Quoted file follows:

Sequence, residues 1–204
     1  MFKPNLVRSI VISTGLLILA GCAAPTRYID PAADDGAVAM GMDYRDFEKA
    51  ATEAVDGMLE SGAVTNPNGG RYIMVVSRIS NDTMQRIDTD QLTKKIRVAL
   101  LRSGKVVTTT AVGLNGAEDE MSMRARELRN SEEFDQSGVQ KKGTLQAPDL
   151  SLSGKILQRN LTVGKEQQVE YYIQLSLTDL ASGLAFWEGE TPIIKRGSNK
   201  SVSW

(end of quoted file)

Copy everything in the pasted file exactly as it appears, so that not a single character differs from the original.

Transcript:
Sequence, residues 1–204
     1  MFKPNLVRSI VISTGLLILA GCAAPTRYID PAADDGAVAM GMDYRDFEKA
    51  ATEAVDGMLE SGAVTNPNGG RYIMVVSRIS NDTMQRIDTD QLTKKIRVAL
   101  LRSGKVVTTT AVGLNGAEDE MSMRARELRN SEEFDQSGVQ KKGTLQAPDL
   151  SLSGKILQRN LTVGKEQQVE YYIQLSLTDL ASGLAFWEGE TPIIKRGSNK
   201  SVSW